Bucko McDonald

Bucko McDonald was a fantastic defensive blueliner for parts of 11 NHL seasons with the Detroit Red Wings, Toronto Maple Leafs and New York Rangers. He was especially well known for his exuberant body checking.

This story - perhaps more of an urban legend than fact - pretty much sums up Bashing Bucko McDonald:

McDonald played in the longest NHL game ever. In the 1936 playoffs the Red Wings and Montreal Maroons played 9 periods before Mud Bruneteau finally ended the game at 16:30 of the sixth overtime period!

One person who would have liked to have known beforehand that the game would last that long would have been a Detroit fan who met McDonald prior to the game. The fan offered Bucko 5 dollars for every bone crunching body check which left a Montreal player having to pick himself up off the ice. By the end of the 9 period marathon, McDonald was credited with 37 knock downs!

The fan, by the way, reportedly did pay up the princely sum of 185 bucks!

Wilfred Kennedy McDonald never grew up playing hockey at any serious level. Instead he loved lacrosse and would become one of the greatest lacrosse players in Canadian history. A Mann Cup champion and Canadian Lacrosse Hall of Famer, McDonald didn't turn his attention to hockey until the collapse of the professional lacrosse league in 1931

McDonald had little trouble adjusting to the game on ice, quickly establishing himself as a defensive defenseman extraordinaire. He started out in the lowly IAHL with the Buffalo Bisons but by early 1935 he had caught on with the Detroit Red Wings. He would bring his clean, hard hitting play to the Motor City and emerged as one of the upper echelon defenders in the entire league. He was an unheralded member of the 1936 and 1937 Red Wing Stanley Cup championships .

A trade for Bill Thoms and cash saw McDonald become a member of the Toronto Maple Leafs. He continued his strong play throughout his tenure in Toronto. He even became an NHL all star in 1942 - a season which marked both the high and low points of McDonald's career as a Leaf.

That season saw the Leafs make their much celebrated come from behind victory over McDonald's old team, the Detroit Red Wings, to capture the Stanley Cup. The Leafs were playing terribly early in the series, falling behind 3 game to none. Coach Hap Day opted to shake up the team by benching two regulars - high scoring winger Gordie Drillon and McDonald - for the remainder of the series. Unthinkably the Leafs woke up from their slumber and somehow managed to win 4 consecutive games to capture the championship!

Despite the benching McDonald played his heart out for the Leafs for parts of the next two seasons. Early in the 1943-44 season the Leafs traded McDonald to the New York Rangers in exchange for cash. The veteran wound down his career with the Rangers, retiring in 1945.

Bucko continued to be involved in hockey after departing from the National Hockey League. He played one season of senior hockey before returning to the grass roots of the game and coaching children's hockey.

One of his most prized students was Bobby Orr. In fact McDonald was instrumental in Orr's rise to the top, coaching him in Pee Wee and Bantam. McDonald was the coach who, despite protests from his parents, moved Orr from forward to defense. Orr would combine his out-of-this-world talent and the early teachings of Bucko McDonald to revolutionize the way defensemen played the game of hockey, and become arguably the greatest player of all time.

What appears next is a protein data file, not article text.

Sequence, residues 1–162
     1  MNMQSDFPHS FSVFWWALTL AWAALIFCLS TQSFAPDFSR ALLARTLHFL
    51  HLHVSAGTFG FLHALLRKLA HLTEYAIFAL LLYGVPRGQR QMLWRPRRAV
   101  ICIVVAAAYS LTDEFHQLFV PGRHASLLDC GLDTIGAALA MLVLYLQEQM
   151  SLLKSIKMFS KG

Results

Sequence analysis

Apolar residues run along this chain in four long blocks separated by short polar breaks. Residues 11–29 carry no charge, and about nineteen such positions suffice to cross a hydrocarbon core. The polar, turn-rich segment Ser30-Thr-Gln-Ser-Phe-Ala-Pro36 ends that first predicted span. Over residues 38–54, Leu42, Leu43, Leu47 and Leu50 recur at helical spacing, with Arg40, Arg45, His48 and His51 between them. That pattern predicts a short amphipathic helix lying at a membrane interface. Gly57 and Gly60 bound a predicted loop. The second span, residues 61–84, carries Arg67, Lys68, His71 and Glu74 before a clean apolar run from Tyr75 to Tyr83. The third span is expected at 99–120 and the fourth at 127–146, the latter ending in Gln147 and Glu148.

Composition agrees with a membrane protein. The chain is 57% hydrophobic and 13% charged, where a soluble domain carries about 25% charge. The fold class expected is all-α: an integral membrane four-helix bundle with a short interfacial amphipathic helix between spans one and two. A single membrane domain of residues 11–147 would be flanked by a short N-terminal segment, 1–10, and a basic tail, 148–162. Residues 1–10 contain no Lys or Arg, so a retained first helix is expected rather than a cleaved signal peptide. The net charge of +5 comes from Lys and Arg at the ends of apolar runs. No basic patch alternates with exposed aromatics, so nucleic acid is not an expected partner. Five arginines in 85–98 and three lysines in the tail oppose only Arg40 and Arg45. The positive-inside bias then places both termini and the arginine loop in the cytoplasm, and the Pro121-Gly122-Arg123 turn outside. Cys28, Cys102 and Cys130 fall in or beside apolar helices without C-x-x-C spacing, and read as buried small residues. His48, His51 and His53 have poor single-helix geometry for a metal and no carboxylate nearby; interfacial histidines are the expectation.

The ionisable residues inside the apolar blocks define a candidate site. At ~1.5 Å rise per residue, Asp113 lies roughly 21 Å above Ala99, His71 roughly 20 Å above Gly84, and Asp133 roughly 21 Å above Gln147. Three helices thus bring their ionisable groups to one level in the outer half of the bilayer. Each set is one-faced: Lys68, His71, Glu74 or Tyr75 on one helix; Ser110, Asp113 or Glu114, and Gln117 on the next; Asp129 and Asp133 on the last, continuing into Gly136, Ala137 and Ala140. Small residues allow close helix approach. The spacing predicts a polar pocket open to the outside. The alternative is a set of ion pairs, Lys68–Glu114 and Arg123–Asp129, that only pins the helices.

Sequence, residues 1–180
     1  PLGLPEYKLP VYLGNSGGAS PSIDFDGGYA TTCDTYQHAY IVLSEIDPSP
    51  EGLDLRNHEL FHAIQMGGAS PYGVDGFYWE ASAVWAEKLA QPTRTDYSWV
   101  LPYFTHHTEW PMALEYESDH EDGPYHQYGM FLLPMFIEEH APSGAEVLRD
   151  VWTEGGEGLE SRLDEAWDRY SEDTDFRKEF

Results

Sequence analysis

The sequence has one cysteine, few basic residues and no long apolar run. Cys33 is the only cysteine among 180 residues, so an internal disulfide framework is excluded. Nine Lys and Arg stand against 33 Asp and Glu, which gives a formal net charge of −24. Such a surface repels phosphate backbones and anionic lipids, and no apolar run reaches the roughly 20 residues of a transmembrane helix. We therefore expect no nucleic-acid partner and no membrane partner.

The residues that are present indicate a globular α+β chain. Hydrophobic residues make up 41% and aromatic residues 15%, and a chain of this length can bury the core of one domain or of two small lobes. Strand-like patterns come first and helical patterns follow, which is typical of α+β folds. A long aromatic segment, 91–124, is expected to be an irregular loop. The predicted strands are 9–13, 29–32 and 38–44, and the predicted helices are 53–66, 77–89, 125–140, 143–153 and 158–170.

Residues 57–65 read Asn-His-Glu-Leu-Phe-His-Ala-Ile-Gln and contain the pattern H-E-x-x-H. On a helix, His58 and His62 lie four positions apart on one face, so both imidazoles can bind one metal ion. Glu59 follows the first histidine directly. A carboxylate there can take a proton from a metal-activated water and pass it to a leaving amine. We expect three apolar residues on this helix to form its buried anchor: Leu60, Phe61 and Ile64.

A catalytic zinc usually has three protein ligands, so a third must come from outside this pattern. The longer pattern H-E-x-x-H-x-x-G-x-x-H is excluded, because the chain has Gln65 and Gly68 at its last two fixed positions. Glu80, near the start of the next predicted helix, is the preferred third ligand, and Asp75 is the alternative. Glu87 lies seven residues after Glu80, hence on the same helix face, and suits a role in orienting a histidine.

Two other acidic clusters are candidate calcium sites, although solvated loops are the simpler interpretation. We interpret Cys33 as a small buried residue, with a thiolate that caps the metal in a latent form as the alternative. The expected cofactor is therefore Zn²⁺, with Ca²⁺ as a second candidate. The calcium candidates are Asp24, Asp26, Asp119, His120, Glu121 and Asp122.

McDonald played in 446 NHL games, scoring 35 goals and 123 points. Although he was known for his violent body checks, he was an exceptionally clean player. He only picked up 206 penalty minutes in his career, and never was given a major penalty. One season he even went unpenalized.


Anonymous,  3:23 PM  

What a great hockey player. And Lacrosse as well.As a teenager growing up in Owen Sound I saw many Senior OHA games including the Mercurys, I notice that many of the team switched from skates to Lacrosse raquets during the summer at which they excelledas well.It was the O.L,A, and was it rough.
An experience I will always remember.
Bucko Mcdonald would be a distant cousin.
Anyoe with any information on he or faily plese let me know. I am starting a collectio of articles on him.
My fathers name was Wilfred Mac Donald a popular name of the time;His coussin was John Ashley and Dad Ashley was his Uncle. Robert G. Mac Donald.B.A.M.D. from Bruce county now retired in Quebec. e mail

Robert G. MAc Donald.M.D.,  3:22 AM  

More from a bucko fan.
My father from wiarton,ont. Originally arranged hockey games from wingham with wiarton redmen. Anyone remember DAd grannmother was aashley andmarriedmygranfather Dr. John h macdonald of wiarton.hecamethere from chesley where my ancestors came to from pei. Andcolonsay scotland.
My grandsonof new jersey took great interest in nockey at 16 andmastered the game in 1 year. Heplays with a broup innew jersey. He is also anaccomplishedpiper and drummer and electric guitar player. Robert g. Mac Donald. B.A M.Dst.sauveur,qc

Don,  7:01 AM  

tnalsixI met Bucko when he was coaching the Orillia Terriers Senior 'A' Hockey Club. As sport editor we often traveled together. He fast became a close friend and trips to Sundridge often took place. Many stories I could tell. He was just a great guy and with a manger such as Bill McGill or Gill Dunlop the three are hockey legends in Orillia.
Don Wilcox

Anonymous,  11:15 AM  

My dad was born in Sundridge, ON and apparently was related to Bucko through the marriage to one of his cousins. He tells a fishing story with Bucko, who carried a boat into a local lake while Dad laboured along behind lugging the motor. Even after retirement, Bucko was in good shape!

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